Targeting the Right Patients for the Right Treatment: The Critical Role of Neurovascular Imaging to Advance Acute Stroke Treatment in the Next Decade
Disclosure: Dr. Demchuk has a modest research grant from Novo Nordisk Canada.
Pub Date: Thursday, September 24, 2009
Author: Andrew Demchuk, MD, FRCPC
Latchaw RE, Alberts MJ, Lev MH, et al. on behalf of the American Heart Association Council on Cardiovascular Radiology and Intervention, Stroke Council, and the Interdisciplinary Council on Peripheral Vascular Disease. Recommendations for imaging of acute ischemic stroke: a scientific statement from the American Heart Association. Stroke 2009. Published online before print, September 24, 2009. 10.1161/STROKEAHA.108.192616.
Acute ischemic stroke treatment advances have been limited due to a paucity of positive pivotal Phase 3 efficacy trials. During this time, however, there has been an explosion of technologic advances in the field of neurovascular imaging that has generated much enthusiasm.
Latchaw and colleagues provide a very comprehensive assessment of these various neurovascular imaging tools in acute stroke diagnosis, investigation, and treatment. They thoroughly evaluate each imaging modality and modality-specific techniques for accuracy in correctly identifying the four critical elements in acute stroke: (a) the presence of hemorrhage; (b) presence of an intravascular thrombus that can be treated with thrombolysis or thrombectomy; (c) presence and size of a core of irreversibly infarcted tissue; and (d) presence of hypoperfused tissue at risk for subsequent infarction unless adequate perfusion is restored.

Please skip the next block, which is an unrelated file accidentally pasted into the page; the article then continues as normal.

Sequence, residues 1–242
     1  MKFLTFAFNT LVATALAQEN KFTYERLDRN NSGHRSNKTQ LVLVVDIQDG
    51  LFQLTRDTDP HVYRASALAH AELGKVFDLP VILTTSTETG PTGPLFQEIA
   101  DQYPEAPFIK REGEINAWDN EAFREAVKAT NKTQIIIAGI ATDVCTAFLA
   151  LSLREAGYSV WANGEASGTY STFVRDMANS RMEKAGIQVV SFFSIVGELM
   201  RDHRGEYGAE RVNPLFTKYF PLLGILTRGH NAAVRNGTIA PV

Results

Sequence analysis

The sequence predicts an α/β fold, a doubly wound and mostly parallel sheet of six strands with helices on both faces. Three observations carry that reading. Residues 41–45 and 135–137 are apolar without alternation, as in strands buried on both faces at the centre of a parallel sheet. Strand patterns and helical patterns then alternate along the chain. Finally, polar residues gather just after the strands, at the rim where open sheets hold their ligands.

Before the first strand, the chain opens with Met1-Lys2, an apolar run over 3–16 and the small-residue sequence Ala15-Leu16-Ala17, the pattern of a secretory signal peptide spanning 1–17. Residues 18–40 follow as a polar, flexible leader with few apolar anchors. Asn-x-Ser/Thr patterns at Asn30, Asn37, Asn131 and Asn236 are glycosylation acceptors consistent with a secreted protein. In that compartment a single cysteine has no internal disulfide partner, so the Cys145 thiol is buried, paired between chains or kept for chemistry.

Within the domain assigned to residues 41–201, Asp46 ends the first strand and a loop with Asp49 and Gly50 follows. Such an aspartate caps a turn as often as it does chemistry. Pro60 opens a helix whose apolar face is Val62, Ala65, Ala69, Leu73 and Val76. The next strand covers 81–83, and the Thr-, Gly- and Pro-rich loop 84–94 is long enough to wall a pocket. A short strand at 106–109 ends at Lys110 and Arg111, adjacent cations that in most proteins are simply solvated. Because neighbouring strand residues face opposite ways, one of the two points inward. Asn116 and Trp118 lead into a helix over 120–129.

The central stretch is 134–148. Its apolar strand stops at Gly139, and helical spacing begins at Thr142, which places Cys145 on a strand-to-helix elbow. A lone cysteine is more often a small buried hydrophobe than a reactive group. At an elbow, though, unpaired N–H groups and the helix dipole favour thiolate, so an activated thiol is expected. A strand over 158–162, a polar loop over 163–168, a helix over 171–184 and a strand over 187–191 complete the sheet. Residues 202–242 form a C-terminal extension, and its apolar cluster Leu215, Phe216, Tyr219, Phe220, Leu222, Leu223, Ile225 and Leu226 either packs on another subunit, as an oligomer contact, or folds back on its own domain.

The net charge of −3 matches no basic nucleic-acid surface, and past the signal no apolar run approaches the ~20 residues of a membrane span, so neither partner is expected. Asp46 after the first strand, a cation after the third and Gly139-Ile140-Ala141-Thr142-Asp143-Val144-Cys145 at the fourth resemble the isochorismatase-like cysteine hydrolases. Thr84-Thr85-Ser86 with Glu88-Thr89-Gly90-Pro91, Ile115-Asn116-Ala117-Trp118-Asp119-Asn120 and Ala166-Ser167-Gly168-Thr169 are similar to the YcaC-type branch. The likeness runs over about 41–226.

Computed tomography (CT) and magnetic resonance imaging (MRI) represent the two most widely available/applicable neurovascular imaging modalities. Both provide accurate "snapshots in time" regarding the four critical elements. MRI would generally be considered the more ideal modality compared with CT but remains less commonly used because of additional preparatory time requirements, contraindications, and more limited 24-hour availability than CT.
The choice between the two imaging approaches is not a simple one. CT is much faster to perform and possible in all patients, with CT-angio providing excellent visualization of the entire arterial tree. MRI can better identify small ischemic or chronic hemorrhage lesions and provides whole brain perfusion imaging. Transcranial Doppler (TCD) shouldn't be compared to either MRI or CT as a snapshot tool. TCD has the inherent advantage of being a "dynamic" tool capable of continuous or repeated studies at bedside that is ideal for real-time thrombolysis monitoring, 1-hour emboli detection, daily vasospasm monitoring, and yearly sickle cell vasculopathy screening. Transcranial ultrasound may also have a therapeutic effect on recanalization when combined with intravenous tissue plasminogen activator (IV tPA) , which requires confirmation in a large multicenter study. Single photon emission computed tomography and xenon-CT modalities are in very limited use with little evidence of a resurgence expected.